Gene silencing of Scrib in MDCK cells
Several target sequences were selected from the partial canine Scrib
gene and used to construct pSUPER vectors for the expression of small hairpin RNAs (shRNAs). Of the three sequences tested, two efficiently knocked down Scrib expression when expressed by transient transfection in MDCK II cells ( A). Immunofluorescence microscopy revealed Scrib to be associated with the lateral membranes in mammalian epithelial cells, and staining was substantially reduced by transfection with the ScrbKD1 or 2 vectors ( B). Surprisingly, however, the tight junctions appeared to be intact in these cells, as assessed by occludin staining ( B) or ZO-1 staining (not depicted). Moreover, confocal sections of cells stained for the apical marker gp135 revealed no loss of apical/basal polarization in cells expressing reduced Scrib levels (Fig. S1, available at http://www.jcb.org/cgi/content/full/jcb.200506094/DC1
), and cysts grown in Matrigel appeared to be polarized normally (not depicted). These results suggest that depletion of Scrib does not disrupt tight junction assembly. However, when the transfected cells were subjected to a calcium switch and stained for ZO-1, a short delay in junction assembly was observed ( C). ZO-1 accumulated rapidly at the cell–cell contacts in both the control and Scrib knockdown (KD) cells but, in the absence of Scrib, the fusion of the ZO-1 lines into a continuous band encircling each cell was delayed. The defect was particularly noticeable at vertices where several cell boundaries meet. By 20 h after calcium switch, however, the ZO-1 staining in the cells lacking Scrib was indistinguishable from that in the control cells.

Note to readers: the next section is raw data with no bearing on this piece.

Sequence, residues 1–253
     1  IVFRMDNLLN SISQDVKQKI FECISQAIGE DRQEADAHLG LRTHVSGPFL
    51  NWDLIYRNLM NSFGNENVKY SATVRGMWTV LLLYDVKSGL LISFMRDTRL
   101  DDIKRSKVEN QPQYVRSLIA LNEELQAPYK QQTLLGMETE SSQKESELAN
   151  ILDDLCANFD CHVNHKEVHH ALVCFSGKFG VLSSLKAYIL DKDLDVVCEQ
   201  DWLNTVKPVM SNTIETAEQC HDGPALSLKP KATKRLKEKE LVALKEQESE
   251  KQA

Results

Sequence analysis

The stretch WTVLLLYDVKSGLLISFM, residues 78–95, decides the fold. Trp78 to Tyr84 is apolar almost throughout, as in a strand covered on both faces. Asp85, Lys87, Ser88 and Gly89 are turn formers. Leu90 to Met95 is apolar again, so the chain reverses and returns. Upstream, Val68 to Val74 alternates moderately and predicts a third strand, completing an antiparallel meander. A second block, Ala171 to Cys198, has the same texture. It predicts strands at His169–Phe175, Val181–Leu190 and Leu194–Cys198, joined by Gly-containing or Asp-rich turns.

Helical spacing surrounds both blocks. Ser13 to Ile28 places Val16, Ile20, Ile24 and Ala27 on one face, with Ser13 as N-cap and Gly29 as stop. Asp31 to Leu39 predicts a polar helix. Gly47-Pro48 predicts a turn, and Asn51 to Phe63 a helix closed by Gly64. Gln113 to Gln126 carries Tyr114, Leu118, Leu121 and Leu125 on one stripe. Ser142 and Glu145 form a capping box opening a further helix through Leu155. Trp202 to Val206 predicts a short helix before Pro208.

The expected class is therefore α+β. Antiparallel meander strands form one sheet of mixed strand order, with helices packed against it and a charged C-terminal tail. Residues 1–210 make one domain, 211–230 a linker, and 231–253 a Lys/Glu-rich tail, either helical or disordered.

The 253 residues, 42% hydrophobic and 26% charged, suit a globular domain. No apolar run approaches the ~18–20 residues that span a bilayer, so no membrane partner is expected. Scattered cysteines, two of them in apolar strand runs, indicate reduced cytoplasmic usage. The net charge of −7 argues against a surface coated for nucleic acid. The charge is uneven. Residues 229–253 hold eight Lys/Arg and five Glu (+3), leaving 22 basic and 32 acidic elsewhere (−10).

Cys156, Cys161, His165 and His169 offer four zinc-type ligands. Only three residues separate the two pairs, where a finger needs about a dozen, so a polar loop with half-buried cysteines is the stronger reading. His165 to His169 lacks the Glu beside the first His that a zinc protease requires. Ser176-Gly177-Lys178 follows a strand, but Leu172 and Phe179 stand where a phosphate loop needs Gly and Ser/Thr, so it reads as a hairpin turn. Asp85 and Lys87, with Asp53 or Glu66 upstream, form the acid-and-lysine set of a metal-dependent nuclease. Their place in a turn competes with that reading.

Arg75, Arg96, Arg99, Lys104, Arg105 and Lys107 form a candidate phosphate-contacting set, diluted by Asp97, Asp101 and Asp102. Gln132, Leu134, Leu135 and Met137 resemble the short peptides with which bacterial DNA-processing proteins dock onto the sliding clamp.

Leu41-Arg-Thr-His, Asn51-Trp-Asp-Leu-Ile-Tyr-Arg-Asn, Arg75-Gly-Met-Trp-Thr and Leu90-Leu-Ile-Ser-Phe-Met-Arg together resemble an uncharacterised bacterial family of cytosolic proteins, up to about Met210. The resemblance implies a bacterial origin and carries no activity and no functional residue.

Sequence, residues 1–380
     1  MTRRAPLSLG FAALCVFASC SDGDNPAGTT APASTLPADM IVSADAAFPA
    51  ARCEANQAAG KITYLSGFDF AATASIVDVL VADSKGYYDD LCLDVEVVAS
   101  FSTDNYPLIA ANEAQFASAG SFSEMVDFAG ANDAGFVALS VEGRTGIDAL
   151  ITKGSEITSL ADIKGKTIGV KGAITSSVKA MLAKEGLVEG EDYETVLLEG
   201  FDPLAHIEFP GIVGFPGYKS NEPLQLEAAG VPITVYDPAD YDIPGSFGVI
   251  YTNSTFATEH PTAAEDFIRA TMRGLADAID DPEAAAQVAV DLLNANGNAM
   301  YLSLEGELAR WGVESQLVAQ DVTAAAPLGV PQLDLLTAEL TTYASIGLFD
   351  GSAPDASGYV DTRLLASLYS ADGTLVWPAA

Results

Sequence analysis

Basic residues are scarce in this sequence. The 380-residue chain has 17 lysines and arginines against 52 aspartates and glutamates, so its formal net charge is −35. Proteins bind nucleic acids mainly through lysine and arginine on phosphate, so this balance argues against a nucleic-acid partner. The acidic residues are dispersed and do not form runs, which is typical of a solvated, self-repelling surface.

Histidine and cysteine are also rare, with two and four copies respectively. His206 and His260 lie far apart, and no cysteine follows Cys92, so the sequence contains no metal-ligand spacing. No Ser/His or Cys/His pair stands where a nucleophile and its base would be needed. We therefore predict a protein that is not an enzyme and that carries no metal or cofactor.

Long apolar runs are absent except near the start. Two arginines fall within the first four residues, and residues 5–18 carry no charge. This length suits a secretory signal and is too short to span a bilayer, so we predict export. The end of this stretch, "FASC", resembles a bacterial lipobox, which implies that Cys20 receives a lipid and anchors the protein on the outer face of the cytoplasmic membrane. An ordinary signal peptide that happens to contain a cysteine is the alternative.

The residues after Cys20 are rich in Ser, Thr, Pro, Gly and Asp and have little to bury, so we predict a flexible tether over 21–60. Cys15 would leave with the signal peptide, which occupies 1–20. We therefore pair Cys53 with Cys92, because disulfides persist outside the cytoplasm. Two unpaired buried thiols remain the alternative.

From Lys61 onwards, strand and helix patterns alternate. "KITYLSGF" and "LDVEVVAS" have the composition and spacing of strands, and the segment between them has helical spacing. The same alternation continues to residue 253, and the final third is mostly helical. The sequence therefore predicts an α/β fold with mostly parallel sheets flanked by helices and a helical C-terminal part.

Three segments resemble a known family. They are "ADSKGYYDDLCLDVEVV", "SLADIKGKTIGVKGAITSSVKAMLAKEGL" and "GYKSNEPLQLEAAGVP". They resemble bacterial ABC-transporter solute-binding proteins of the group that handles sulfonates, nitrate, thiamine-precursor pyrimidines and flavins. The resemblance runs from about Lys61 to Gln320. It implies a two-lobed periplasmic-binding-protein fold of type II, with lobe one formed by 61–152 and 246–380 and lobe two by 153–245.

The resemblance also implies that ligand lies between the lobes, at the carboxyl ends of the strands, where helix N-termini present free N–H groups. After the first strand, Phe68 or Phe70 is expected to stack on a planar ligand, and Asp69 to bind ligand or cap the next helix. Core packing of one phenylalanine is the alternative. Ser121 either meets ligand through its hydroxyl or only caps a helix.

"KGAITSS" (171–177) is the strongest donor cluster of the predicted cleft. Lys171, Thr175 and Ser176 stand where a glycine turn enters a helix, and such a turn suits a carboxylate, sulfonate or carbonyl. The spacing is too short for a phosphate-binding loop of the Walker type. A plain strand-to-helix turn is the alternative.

Figure 1. Suppression of Scrib expression in MDCK cells causes a delay in tight junction assembly. (A) MDCK II cells were transiently transfected with either pS-Luciferase vector (Luc) as a control or three pSUPER constructs targeting different sequences of canine (more ...)
Scrib is required for maintenance of an epithelial phenotype at low cell densities
When cells were transfected with pS-ScrbKD vectors and plated at low densities, they consistently displayed a mesenchymal phenotype. Normal MDCK cells organize into discrete, tight islands with smooth boundaries, but cells lacking Scrib appeared more fibroblastic (). They spread over a much larger surface area (approximately three to five times larger; C), and the edges of the cell clusters were disorganized as though the cells were moving apart from one another. When stained with phalloidin, the normal cortical actin rings were absent in cells lacking SCRIB and were replaced by stress fibers often oriented along the long axis of the cells ( B). These observations suggested that Scrib might regulate epithelial cell adhesion and/or migration.
Figure 2. Cells lacking Scrib lose their epithelial morphology at low density. (A) Control (Luc) and ScrbKD cells were grown on 6-well plates at low density for 3 d. Images were obtained by phase-contrast microscopy using a 10× objective. (B) Control and (more ...)